We must live in reality. We need to think realistically about the world and our faith. With regard to the world, we cannot be naïve. The changes that we see are so deep and wide that outside some remarkable intervention by God in revival (oh, I pray it may be so!), they are not going to be easily and quickly reversed. Instead we must discern which of the many currents affecting us are the most dangerous. After all, it may be that our most serious threat comes not from that current giving the noisy, visible waves but instead from some quieter flow moving at depth. Yet it is not all gloom. As God’s people found in the past, our opposition is divided and battling against itself. We must too balance any awareness of threats with a confident faith in the One in whom we trust – the Lord Jesus Christ. This world, and indeed time itself, is in our heavenly Father’s hands. We can have faith that the Great Shepherd will not desert his sheep, especially when, in the darkness, the wolves are howling.

We must pursue strategy. In these volatile times there’s a lot of fear about, and not just amongst Christians. Allies today can easily be opponents tomorrow. From a Christian point of view, there’s a lot to be said for that popular phrase, ‘Don’t panic.’ Fear is not only bad but it also fuels unwise decisions. We must respond to the world we face in a way that is both spiritual and strategic. If we must fight, let it be the right battle at the right time. There are some issues where we have no option but to stand our ground: it is the ‘right hill to die on’. Yet there are other issues that we might decide are negotiable or even unimportant.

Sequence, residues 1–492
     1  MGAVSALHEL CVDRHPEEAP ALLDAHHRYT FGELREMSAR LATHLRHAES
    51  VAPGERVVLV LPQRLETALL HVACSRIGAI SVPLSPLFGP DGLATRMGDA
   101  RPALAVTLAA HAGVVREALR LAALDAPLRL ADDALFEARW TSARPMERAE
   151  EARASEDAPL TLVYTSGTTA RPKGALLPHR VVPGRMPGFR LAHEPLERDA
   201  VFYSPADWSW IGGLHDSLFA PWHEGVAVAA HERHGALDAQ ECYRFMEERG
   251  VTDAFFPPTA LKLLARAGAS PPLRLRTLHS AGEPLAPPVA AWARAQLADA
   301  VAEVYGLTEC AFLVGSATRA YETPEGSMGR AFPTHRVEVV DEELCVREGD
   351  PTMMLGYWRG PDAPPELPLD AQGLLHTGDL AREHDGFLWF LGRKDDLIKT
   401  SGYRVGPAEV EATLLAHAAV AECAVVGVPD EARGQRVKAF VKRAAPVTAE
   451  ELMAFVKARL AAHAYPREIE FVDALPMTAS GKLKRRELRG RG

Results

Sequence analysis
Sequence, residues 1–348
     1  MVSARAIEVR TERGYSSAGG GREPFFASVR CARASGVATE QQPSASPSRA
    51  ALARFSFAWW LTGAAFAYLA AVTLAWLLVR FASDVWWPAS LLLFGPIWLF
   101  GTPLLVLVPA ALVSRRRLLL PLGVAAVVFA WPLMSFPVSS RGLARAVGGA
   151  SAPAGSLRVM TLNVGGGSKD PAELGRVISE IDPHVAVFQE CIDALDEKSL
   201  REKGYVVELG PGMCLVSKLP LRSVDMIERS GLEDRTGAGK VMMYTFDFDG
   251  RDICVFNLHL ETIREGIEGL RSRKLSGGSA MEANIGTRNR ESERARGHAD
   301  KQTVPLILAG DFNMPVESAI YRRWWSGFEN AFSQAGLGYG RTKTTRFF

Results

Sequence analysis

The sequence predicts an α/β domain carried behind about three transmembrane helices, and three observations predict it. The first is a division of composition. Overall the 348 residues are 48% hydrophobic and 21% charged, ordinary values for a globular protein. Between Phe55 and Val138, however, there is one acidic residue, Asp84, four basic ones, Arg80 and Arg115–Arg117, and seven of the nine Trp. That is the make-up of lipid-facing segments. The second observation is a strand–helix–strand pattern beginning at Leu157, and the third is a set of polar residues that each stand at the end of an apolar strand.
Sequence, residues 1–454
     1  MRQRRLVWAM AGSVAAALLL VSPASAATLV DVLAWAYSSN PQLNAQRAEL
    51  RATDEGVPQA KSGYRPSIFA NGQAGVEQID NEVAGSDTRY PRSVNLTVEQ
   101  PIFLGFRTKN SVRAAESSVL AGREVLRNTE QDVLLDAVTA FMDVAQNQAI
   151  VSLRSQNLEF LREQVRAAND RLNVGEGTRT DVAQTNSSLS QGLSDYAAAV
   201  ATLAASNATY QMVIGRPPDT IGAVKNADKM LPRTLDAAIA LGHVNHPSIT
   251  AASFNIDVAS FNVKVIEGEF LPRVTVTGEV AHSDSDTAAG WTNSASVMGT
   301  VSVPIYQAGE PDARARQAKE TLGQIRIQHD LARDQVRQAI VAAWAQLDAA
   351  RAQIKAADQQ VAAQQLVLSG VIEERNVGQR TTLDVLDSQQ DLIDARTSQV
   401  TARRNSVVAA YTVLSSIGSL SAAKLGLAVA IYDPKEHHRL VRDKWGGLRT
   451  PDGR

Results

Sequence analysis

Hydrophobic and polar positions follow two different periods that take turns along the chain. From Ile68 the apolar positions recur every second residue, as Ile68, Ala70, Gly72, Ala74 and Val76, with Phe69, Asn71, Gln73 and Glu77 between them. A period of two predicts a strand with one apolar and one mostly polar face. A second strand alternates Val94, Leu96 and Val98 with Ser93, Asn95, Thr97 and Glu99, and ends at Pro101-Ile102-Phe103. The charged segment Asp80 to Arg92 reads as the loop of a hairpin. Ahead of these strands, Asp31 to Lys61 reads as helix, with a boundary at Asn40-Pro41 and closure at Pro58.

We must hold on to integrity. Perhaps the real threat of our times is not that Christians become overcome by the world but that, during combat, they become like the world. That sobering comment of our Lord, ‘What good will it be for someone to gain the whole world, yet forfeit their soul?’ (Matthew 16:26 NIV) applies not just to individuals, but to the church. To win a battle over the world in a worldly, underhand way, is to be defeated.

Finally, we need to use the opportunity. Here, I speak as an evangelist. Christians under pressure can retreat into sanctified circles that gaze inwards, and close the doors against the outside world. We cannot do this! As Christians, and as churches, we either witness or we decline. But let me encourage you: one feature of our present troubled world is that it is full of discontented people. Across the political and social spectrum, there are many who, often amid tears, have found their dreams for a better world broken. A growing number are, like the prodigal son in the ‘far country’, wondering whether it might not be time to return to the home and the Father that they rejected.

As believers in Christ we now find ourselves struggling against shifting currents, varying winds and changing tides. Yet above all, we must remember that our Lord is the master of the stormiest of waters and we can trust him, in his time, to bring us safe to port. We remember too his words in John 16:33 (NIV): ‘I have told you these things, so that in me you may have peace. In this world you will have trouble. But take heart! I have overcome the world.’ Amen!

Originally posted by CanonJ.John. Republished with permission.

J.John is an Evangelist, minister, speaker, broadcaster and writer. He has been in ministry for four decades. He has spoken in towns, cities and universities in 69 countries. J.John lives near London in England. He is married to Killy and is a father and grandfather. The best way to stay connected with what we do is to sign up for our weekly eLetter and follow J.John on Instagram or Facebook.

The views expressed in this or any other opinion article do not necessarily reflect the views of Christian Daily International.